Maker of Lumpia
Future downtown buildings would grow dramatically taller under a proposal Mayor Greg Nickels will unveil today as part of a plan to create a denser and more vibrant urban core.
Although many support that goal, concerns are being raised about blocked views, loss of affordable housing, and whether developers are being asked to provide enough public benefits, such as open space.
"I think residents definitely want investment in their communities, but at the same time not everyone wants to be crammed in with tall structures," said Laine Ross, chair of the Downtown Seattle Residents Council, a neighborhood advocacy group.
Nickels said yesterday the proposed changes grew from a yearlong and inclusive discussion about what people wanted from their downtown. It borrows tools being used in Vancouver, B.C., and San Diego to create thriving center city neighborhoods, he said.
Nickels has proposed doubling the number of downtown residents over the next two decades to 66,000, in part to lessen growth pressure on single-family neighborhoods and curb suburban sprawl.
"We've got good job density downtown, we have a very healthy retail and cultural life, and we think if we add a significant number of new residences then we will have a downtown that will be the rival of any in the United States," Nickels said.
The proposed zoning changes that will be sent to the City Council this week would allow skyscrapers in the city's commercial core to rise to 700 feet -- slightly shorter than the Washington Mutual Tower.
It would wipe out a cap on downtown building heights that residents -- fed up with a slew of office towers -- voted to impose in 1989.
In parts of the Denny Triangle, where planners envision more office buildings, heights could double to 600 feet. In areas where the city would like to encourage more housing, height limits will be expanded to 400 feet.
The changes don't apply to the retail core, Pioneer Square, the International District and most of Belltown. The mayor dropped plans to raise height limits along the waterfront south of Pike Place Market after residents complained.
Jim Mueller, a principal for Gregory Broderick Smith Real Estate, said the current height restrictions have made some projects economically unfeasible. They've also created shorter, stocky buildings that architects and residents alike have complained are unattractive.
Under the mayor's proposal, the taller buildings would be more slender and spaced farther apart. Proponents say that helps preserve view corridors and allows for more light and air between buildings.
It also tweaks a program requiring developers to provide public benefits if they want to maximize profits.
For the first time, developers who go above a certain height limit would be required to build "green buildings" with environmentally friendly features, such as rainwater collection systems or recycled building materials.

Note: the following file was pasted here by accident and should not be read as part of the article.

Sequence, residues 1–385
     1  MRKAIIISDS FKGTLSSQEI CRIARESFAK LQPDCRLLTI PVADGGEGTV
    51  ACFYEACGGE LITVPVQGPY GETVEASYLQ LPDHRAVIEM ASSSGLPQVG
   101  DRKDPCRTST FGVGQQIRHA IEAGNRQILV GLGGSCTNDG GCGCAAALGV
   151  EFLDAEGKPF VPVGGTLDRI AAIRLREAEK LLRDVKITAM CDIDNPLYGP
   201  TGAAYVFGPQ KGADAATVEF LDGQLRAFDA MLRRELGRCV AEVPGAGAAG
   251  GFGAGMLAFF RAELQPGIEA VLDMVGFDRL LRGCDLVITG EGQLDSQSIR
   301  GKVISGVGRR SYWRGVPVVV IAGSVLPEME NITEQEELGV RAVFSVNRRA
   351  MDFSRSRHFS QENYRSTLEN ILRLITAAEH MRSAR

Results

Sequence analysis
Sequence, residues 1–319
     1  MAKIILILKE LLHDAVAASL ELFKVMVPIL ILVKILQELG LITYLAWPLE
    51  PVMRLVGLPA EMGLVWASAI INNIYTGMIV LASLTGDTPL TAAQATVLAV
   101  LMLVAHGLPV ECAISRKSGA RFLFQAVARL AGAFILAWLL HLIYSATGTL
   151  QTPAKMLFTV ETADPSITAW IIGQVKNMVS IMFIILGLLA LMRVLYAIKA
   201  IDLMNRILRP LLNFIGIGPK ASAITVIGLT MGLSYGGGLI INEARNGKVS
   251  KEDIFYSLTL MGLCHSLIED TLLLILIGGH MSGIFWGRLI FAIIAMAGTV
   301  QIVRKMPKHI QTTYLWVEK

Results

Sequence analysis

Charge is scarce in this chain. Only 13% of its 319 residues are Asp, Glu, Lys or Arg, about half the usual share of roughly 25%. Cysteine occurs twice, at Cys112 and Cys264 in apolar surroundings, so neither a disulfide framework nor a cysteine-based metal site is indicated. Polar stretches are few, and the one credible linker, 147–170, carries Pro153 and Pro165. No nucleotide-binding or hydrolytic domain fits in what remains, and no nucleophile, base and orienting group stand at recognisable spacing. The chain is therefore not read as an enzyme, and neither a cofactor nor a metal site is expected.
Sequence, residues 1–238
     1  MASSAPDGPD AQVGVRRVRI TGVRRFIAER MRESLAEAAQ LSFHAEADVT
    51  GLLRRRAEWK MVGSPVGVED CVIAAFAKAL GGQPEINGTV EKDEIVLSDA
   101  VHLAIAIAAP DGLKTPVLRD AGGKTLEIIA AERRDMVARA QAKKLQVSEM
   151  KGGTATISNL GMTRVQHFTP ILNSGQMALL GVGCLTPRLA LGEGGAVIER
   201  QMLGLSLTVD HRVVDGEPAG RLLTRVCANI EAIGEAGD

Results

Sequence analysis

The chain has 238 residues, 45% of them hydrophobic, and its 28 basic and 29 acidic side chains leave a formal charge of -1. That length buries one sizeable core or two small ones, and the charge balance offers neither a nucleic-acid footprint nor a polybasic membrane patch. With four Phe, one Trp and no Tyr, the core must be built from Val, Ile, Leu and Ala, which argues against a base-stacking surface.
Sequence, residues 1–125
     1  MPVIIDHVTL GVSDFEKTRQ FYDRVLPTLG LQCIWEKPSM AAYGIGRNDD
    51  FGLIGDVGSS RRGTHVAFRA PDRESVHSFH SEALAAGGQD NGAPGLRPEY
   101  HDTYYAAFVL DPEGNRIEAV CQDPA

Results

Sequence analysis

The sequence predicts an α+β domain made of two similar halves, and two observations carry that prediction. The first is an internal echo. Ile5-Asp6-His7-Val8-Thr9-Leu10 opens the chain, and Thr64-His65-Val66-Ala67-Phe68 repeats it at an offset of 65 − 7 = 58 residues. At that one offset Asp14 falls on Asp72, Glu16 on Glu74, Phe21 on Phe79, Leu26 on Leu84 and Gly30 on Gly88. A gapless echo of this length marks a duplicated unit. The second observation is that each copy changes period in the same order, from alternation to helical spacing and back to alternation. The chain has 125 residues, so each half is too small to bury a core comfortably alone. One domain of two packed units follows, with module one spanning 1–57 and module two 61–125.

Residential developers would now have to contribute to an expanded program that builds affordable housing, potentially increasing that pool of money by $35 million over the next 15 years.
Heather Trim, who works on urban issues for the environmental group People for Puget Sound, said the public should get the amenities that make dense neighborhoods work: open space, nice pedestrian features, greenery, transit options.
She said the city had made some improvements, such as providing enticement for developers to build showers for bike commuters. The proposal also revamps open space requirements to encourage public areas on the street level rather than rooftop gardens or private balconies.
But she said there are concerns that the incentives still won't provide enough money to buy enough open space downtown and that the city lacks a coherent plan to acquire it.
"We want the whole package -- we don't want half of the package," she said.
John Fox, who heads the Seattle Displacement Coalition, which advocates for low-income residents, panned the proposal as a blueprint that will lead to the destruction of low-income housing in favor of high-priced condo towers. But Sarah Lewontin, executive director for the non-profit housing developer Housing Resources Group, said the changes will provide more affordable housing in the long run.
It will expand the city's housing incentive program that contributed a critical $1.3 million toward the group's Stewart Court project, which provides 65 apartments for lower-income workers. That's one of the few funding sources for housing aimed at workers earning a few dollars more than minimum wage, she said. "Otherwise, the only people who can afford to live downtown will be really rich people and really poor people," she said. "It's a very difficult problem, so ... why turn our backs on an opportunity that will help create affordable housing?"
Nickels said he expects a fair amount of debate on whether the proposal offers the right mix of public benefits. But with an extensive involvement process, he said, it represented a good start toward something that "everybody can buy into."
He also said the proposed zoning changes are just part of a larger effort to create a more livable downtown, which includes sprucing up parks and working on safety issues.
Elle Tracy, who has lived in Pioneer Square for 21 years, complained that the mayor has been responsive to developers' problems while dragging his feet on quality-of-life issues that downtown residents have been complaining about for years.
"We would love to have more neighbors, because it seems like we can't get anyone's attention from the city when it comes to things like a noise ordinance and enforcing the laws we have," she said. "But the only beneficiary that we can see as we look at the fine print are developers."
TO LEARN MORE
For more information on the mayor's proposal to raise downtown height and density limits, visit www.seattle.gov/dpd/Planning/Downtown_Zoning_Changes/default.asp.